Also during 1995 the 149th FS was assigned something that caught a lot of people’s attention in the military and industry. With the retirement of the RF-4C lack of reconnaissance was left. At the time leading up to the RF-4C retirement, it was felt by the Air Force to discontinue manned reconnaissance operations. This thinking changed and the 149th FS became the center of attention when it began testing operational use of portable reconnaissance pod. The pod was built by Lockheed Martin and was delivered in only five months after being given the contract. Two more were delivered shortly after. In the pod is a digital camera that can take 2.5 frames per second and can store about 12,000 images. In order for the Virginia ANG F-16s to carry the pod, some modifications were needed. At the time, the block 30's did not have GPS which were added on the ammo drum cover. The GPS provided info to the recce pod only. First aircraft to be modified was #85-1572 and special markings were applied to the tail. Deemed operation with the recce pod by April of 1996 no time was wasted and the 149th FS was sent to Aviano AB in May of 1996. With war raging in Bosnia the 149th flew for 45 days with the recce pod. All this on the heels of an ONW deployment to Incirlik AB in February of the same year.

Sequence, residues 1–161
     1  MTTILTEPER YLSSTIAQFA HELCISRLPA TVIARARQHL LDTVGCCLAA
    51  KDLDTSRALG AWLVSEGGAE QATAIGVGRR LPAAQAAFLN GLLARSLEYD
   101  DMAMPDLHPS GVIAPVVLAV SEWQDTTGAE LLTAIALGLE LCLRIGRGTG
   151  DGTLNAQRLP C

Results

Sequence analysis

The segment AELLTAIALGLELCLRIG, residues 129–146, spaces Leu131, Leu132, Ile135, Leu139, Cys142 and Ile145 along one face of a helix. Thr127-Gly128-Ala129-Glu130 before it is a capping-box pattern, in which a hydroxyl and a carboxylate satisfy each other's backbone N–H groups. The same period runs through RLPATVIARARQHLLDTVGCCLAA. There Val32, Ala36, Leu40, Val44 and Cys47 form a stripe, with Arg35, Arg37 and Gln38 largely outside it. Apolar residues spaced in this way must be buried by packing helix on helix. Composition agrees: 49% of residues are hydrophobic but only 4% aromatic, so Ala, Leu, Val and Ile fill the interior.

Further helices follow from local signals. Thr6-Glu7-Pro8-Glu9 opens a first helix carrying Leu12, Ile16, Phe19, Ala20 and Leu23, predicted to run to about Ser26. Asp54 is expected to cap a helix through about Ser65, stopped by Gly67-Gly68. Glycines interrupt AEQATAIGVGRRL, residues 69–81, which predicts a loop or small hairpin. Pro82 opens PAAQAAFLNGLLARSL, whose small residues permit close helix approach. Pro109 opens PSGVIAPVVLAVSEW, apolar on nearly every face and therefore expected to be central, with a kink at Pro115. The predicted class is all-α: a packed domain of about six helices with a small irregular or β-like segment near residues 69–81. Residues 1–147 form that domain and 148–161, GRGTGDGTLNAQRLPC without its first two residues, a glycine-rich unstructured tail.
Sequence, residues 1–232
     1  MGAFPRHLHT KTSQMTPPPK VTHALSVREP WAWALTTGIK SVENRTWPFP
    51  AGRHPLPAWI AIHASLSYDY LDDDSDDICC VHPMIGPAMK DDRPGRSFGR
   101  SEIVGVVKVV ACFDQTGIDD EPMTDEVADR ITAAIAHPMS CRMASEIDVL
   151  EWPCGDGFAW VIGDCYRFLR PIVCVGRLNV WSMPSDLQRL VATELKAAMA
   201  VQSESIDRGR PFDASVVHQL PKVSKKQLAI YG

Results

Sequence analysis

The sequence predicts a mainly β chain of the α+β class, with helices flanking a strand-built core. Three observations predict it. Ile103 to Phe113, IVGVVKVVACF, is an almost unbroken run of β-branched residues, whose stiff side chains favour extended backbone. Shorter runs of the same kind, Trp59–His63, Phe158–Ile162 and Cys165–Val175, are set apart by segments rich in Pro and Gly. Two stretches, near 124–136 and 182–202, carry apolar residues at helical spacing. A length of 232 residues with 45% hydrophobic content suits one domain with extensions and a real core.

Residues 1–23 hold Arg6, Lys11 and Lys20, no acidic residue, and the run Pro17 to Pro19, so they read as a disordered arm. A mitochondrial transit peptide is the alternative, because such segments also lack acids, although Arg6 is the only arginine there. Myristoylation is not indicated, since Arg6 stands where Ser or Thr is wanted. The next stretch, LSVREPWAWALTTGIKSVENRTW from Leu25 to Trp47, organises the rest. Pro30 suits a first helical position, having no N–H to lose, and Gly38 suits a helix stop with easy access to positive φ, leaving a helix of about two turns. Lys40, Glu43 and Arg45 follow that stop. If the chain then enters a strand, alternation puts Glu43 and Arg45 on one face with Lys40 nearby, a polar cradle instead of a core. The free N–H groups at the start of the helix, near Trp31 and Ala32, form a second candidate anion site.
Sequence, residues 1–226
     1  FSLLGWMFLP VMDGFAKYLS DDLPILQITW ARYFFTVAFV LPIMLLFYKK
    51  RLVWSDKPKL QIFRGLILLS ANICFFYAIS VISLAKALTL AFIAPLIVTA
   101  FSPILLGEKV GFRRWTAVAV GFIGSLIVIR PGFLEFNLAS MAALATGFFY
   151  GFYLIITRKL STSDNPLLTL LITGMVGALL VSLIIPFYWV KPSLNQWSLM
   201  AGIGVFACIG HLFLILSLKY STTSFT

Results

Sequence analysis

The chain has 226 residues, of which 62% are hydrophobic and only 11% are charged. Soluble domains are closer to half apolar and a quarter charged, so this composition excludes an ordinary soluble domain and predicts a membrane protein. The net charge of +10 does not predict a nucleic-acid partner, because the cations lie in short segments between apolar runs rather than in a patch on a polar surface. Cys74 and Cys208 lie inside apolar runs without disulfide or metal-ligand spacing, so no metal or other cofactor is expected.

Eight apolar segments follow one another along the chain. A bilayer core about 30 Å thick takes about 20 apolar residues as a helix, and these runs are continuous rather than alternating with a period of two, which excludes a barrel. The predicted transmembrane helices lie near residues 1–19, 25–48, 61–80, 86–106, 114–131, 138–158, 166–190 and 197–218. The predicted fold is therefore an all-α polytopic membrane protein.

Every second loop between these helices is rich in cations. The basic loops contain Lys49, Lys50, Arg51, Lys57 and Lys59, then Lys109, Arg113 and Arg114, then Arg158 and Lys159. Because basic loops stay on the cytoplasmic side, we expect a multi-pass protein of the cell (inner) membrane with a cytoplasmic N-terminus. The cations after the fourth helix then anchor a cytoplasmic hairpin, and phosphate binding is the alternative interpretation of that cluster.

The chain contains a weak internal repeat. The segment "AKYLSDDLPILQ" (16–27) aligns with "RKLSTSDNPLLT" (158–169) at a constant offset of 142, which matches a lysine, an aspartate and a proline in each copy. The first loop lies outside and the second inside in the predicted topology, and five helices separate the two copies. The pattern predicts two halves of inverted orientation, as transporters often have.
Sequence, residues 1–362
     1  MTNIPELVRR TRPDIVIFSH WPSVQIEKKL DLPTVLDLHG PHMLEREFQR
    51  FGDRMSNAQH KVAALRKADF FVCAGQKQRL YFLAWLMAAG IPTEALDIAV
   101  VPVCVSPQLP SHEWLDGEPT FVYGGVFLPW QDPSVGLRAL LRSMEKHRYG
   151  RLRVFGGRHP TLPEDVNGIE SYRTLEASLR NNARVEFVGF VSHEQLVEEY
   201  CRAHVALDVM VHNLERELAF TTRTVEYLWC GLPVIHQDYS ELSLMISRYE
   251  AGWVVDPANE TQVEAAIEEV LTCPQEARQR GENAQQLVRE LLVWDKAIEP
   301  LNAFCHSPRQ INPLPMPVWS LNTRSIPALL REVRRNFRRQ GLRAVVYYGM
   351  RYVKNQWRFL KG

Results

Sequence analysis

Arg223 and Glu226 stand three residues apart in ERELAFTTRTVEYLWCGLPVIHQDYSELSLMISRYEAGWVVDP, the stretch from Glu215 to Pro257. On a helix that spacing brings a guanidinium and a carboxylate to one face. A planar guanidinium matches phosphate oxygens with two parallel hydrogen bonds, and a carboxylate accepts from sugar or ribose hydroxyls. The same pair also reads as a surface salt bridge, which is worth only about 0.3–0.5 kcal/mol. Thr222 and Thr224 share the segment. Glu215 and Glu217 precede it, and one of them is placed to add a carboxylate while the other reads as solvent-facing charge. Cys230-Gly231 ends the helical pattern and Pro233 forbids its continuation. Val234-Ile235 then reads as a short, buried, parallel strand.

In the summer of 1998 the 149th FS upgraded its recce pods to the Theater Airborne Reconnaissance System (TARS) an upgraded version of what they already operated. Four other ANG units were also equipped with TARS. Later on datalink capabilities were upgraded allowing the recce pod to provide a live feed. On January 30th, 2001 the 149th FS had a near disaster when two of their F-16s collided in midair. It involved F-16C #86-0228 and F-16D #85-1572. Fortunately both aircraft landed safely. However F-16D #85-1572 was heavily damaged. Two years of repairs put the aircraft back into the air again.